However at 10:59am the next day, as I was getting ready to log on to the call, I was suddenly calm.  It was just like the minute before doors open at an event, you think to yourself, lo hecho hecho esta, I’ve done all I can, it will all work out great.   I had a one-hour call, therefore, I had to run it like an event, to make sure that everyone could participate and catch up.

It was so cool to catch up with my friends, everything seemed so familiar even though, for a lot of us, it had been YEARS since we last spoke to each other.   The time limit worked well too.  It was the perfect amount of time to catch up, not too short, not too long.   People could keep up with their day as no one had to travel to meet each other for lunch, or dinner, or drinks.  The pressure seemed off, which was great.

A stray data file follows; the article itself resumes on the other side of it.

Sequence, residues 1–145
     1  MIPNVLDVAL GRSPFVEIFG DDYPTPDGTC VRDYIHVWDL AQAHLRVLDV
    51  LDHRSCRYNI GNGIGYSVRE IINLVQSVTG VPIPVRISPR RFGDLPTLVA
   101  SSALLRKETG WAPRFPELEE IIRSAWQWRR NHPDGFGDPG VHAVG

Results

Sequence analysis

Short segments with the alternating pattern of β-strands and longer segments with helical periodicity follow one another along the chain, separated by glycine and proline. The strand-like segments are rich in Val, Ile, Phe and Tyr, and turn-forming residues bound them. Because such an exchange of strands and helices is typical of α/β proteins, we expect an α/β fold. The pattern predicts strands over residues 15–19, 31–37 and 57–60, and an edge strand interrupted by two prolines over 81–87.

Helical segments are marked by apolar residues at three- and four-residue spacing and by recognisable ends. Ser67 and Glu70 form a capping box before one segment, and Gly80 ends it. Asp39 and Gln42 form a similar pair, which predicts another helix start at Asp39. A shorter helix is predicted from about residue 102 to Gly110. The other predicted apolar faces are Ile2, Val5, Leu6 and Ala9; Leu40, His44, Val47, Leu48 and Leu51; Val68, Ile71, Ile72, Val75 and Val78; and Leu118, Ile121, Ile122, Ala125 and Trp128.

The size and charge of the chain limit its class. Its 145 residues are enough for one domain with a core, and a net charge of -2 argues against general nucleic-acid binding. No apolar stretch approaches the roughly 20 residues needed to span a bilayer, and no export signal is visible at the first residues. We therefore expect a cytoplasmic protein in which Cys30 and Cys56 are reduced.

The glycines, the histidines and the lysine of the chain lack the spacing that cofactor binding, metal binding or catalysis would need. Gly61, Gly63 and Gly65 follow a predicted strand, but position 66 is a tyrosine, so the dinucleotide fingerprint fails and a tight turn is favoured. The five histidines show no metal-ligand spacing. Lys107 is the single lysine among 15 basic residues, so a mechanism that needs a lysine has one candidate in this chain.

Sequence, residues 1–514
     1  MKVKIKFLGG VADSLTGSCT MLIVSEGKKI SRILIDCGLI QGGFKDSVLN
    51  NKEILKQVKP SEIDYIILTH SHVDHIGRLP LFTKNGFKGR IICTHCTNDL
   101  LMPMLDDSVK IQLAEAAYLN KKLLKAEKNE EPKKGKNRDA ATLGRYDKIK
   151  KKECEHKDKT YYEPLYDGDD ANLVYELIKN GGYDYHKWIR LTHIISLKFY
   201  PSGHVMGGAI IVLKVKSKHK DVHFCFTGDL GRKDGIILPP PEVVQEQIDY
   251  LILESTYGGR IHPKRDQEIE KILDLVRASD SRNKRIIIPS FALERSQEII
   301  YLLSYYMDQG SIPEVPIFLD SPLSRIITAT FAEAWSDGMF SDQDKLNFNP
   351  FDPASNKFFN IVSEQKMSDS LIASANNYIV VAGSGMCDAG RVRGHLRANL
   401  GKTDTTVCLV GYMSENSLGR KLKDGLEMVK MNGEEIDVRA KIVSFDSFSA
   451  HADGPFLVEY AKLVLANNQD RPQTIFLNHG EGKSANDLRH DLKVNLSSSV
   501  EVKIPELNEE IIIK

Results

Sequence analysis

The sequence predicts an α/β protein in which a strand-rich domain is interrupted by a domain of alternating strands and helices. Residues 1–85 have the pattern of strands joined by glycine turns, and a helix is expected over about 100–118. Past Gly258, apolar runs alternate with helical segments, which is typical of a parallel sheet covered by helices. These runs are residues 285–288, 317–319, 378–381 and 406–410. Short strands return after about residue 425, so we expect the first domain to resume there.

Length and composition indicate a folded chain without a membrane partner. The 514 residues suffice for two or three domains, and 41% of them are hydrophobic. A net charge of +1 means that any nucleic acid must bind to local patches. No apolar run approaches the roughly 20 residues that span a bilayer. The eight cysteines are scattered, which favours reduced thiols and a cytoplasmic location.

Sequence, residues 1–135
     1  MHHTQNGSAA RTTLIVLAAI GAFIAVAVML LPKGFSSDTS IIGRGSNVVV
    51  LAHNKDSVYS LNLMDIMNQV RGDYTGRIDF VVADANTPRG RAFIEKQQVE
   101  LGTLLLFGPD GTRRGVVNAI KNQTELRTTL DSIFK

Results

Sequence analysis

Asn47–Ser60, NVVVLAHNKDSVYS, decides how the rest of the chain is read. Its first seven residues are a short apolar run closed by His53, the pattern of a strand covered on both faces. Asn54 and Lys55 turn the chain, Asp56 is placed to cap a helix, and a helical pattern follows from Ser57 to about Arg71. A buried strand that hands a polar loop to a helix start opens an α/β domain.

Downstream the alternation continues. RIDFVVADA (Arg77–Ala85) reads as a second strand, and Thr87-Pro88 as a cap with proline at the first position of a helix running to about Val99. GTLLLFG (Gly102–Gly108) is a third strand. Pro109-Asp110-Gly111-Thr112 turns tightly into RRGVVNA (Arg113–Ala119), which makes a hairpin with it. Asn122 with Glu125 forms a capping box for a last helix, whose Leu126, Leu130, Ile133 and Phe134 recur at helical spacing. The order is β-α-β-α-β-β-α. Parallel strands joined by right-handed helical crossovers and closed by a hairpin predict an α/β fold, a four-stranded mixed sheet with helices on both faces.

Everyone on the call wanted to do it again next month which will make for a fun morning of chisme!  We got to go out without going out 😊   I’m already thinking about who will be on the next Zoom!

Chisme = gossip

The Backseat of Justice

#52SlicesOfChingonaLife #52EssaysNextWave  13/52

 

Sitting in the Backseat of Justice?  When I first heard this concept mentioned, I kind of stopped in my tracks.  Who rides in the backseat during protests, marches, and calls for justice?

With judgement, I knew that this person was not me.  I was not old, I was not that jaded…